The Trick For Keeping Chicken Broth Clear

Chicken broth is the main ingredient in many soups such as miso, chicken noodle, tortilla, and egg drop (per Kitchn); whereas chicken stock is used not only in soups, but as the base for risotto, chicken pot pie, cassoulet, and velouté sauce (via Escoffier). But what's the difference between stock and broth? According to Healthline, while these terms are often used interchangeably, broth is made from chicken meat, whereas stock is made from chicken bones. Broth is much lighter and yields more flavor, whereas stock has a thicker consistency and requires a longer cook time. To help you remember, think of stock as "stockier" than broth, because the collagen is released from the bones and creates a gelatinous texture.

This makes sense because chicken stock is typically used in thicker dishes like chicken pot pie, whereas the liquid in chicken noodle soup is made with broth. Have you ever noticed that your miso or noodle soups almost never have a foggy liquid? This isn't as important for dishes where you add broth to an opaque liquid, like in hot and sour soup, but if you want to be able to see the bottom of the bowl when you eat chicken noodle soup, here are some tips for keeping the broth clear. 

Soak your chicken meat beforehand

According to The Woks of Life, a clear broth is achieved by proper preparation of ingredients. First things first, because broth uses meat, using a whole chicken with bones and all will aid in flavor, compared to buying chicken already cut. You should then soak your meat for at least an hour, changing the water one or two times as needed, and rinse clean when done to remove blood and any impurities that could fog up the broth. If you're in a pinch and don't have hours to spare, check out this video by The Frugal Chef for a quicker alternative, where she boils the chicken long enough for the skins to be removed, scrubs the parts of the chicken where the bones are exposed, and discards the water. 

If you went with the soaking method, you'll want to add your meat to a pot, fill it with enough cold water to cover it, boil the meat for exactly one minute, and drain and rinse the meat thoroughly. Once you've removed the impurities, you will add in your vegetables. Make sure to chop your vegetables into 2-inch chunks because chopping them too fine can cause them to dissolve and create a cloudy liquid. Even if it seems like they're cut too large, four to five hours of simmering will still extract just as much flavor.

Simmer, don't boil

Simmering your chicken broth instead of boiling is important, as lower heat prevents the fat content in the meat from emulsifying and thickening the liquid too much, per Serious Eats. Therefore, a gentle simmer should read 205 degrees Fahrenheit on a thermometer. If you don't have a thermometer to check the water temperature, Serious Eats has a good rule of thumb for checking its appearance. The liquid should be bubbling slowly. If there's no bubbling, the heat is turned down too low. If there's too much movement, this could disturb the liquid, which reduces the liquid faster and causes it to lose clarity.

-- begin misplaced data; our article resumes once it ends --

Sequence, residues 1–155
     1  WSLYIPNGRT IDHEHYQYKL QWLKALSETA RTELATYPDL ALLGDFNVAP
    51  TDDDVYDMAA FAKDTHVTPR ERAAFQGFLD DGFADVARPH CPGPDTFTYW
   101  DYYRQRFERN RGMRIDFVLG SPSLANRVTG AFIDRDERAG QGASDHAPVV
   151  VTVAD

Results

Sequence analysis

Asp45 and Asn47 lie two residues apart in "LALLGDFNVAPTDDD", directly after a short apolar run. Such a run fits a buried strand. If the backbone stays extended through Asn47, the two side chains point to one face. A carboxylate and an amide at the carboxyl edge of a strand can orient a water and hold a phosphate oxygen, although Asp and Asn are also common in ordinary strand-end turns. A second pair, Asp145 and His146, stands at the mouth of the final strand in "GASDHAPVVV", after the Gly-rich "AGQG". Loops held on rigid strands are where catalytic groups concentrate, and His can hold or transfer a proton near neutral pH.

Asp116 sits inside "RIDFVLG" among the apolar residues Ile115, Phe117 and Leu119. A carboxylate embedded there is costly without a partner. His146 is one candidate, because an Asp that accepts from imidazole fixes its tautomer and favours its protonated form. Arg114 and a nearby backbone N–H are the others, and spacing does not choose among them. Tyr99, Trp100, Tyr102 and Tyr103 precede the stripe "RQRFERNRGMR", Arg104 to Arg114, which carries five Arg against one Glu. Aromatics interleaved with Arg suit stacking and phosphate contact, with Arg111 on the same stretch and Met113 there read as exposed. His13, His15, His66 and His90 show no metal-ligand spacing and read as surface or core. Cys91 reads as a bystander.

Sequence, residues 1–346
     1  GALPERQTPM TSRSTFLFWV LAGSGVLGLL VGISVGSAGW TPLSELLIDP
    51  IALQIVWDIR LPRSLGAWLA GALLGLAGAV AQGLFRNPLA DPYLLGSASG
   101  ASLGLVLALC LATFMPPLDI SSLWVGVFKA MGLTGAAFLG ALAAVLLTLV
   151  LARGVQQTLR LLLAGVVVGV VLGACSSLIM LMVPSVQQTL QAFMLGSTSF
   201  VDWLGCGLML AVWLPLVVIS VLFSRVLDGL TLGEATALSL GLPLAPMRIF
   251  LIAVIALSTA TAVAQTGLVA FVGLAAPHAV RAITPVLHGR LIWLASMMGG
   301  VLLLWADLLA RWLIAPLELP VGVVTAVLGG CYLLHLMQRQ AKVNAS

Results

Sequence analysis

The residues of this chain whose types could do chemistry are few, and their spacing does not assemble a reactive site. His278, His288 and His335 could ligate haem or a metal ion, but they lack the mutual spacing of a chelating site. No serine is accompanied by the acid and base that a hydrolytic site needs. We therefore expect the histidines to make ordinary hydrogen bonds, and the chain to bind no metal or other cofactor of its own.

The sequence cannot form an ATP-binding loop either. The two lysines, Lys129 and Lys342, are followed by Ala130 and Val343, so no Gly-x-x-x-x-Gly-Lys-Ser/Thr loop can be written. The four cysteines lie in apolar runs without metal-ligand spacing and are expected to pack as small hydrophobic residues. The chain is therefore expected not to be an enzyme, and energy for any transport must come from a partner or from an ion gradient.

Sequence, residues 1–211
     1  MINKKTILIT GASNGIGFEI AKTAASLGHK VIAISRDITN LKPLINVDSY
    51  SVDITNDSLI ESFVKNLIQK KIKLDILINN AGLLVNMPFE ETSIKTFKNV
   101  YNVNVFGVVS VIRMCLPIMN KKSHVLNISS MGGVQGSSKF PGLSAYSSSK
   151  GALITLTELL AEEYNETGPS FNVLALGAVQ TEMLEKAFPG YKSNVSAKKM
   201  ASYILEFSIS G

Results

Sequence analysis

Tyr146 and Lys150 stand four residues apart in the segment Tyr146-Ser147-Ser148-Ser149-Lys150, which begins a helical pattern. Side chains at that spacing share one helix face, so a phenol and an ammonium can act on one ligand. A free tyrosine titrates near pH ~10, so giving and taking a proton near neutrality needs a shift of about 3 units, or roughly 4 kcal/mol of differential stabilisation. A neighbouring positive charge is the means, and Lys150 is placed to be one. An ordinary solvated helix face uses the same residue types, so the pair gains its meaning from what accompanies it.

When your broth is done simmering, Joybilee Farms recommends straining the liquid through a fine-mesh sieve. A fine-mesh sieve is key because it removes even small granules that a colander can't. From there, you'll want to pick the meat off the bones and return the meat and strained liquid back to the pot. Then, simmer the mixture uncovered until it has reduced by half, then strain again through a fine-mesh sieve for a super clear, concentrated, protein-rich broth. 

Put your broth to work

Now that you've mastered the art of a clear broth, it's time to use it! If you've ever heard of consommé, it's a clear broth within French cuisine that is similarly prepared using chicken broth except it uses egg whites to help purify the liquid, and is squeezed through cotton cloth (via Masala Herb). It's often served by itself as an appetizer, as chicken broth easily can be, too. However, chicken broth is packed with umami and adds an unexplainably delicious component to dishes, making it an ingredient that will only elevate, never take away. 

Homemade chicken broth can add a special flare to dishes like shortcut chicken and dumplings or chicken pot pie pasta. You can also try not-so-obvious ideas like butternut squash soup, skillet chicken and orzo, or even seafood gumbo. However, if you want to show off the hard work you put in to create such a beautiful, silky, clear broth, wonton or chicken noodle soup is the way to go.

Lastly, it's important to store your broth properly so that you can extend its life and continue to utilize it regularly. Woks of Life states that broth can be stored in an airtight container in the refrigerator for up to 7 days, and in the freezer for up to 6 months. However, be careful not to overfill the airtight containers if you're storing the broth in the freezer, as when frozen, liquids expand and could result in a mess.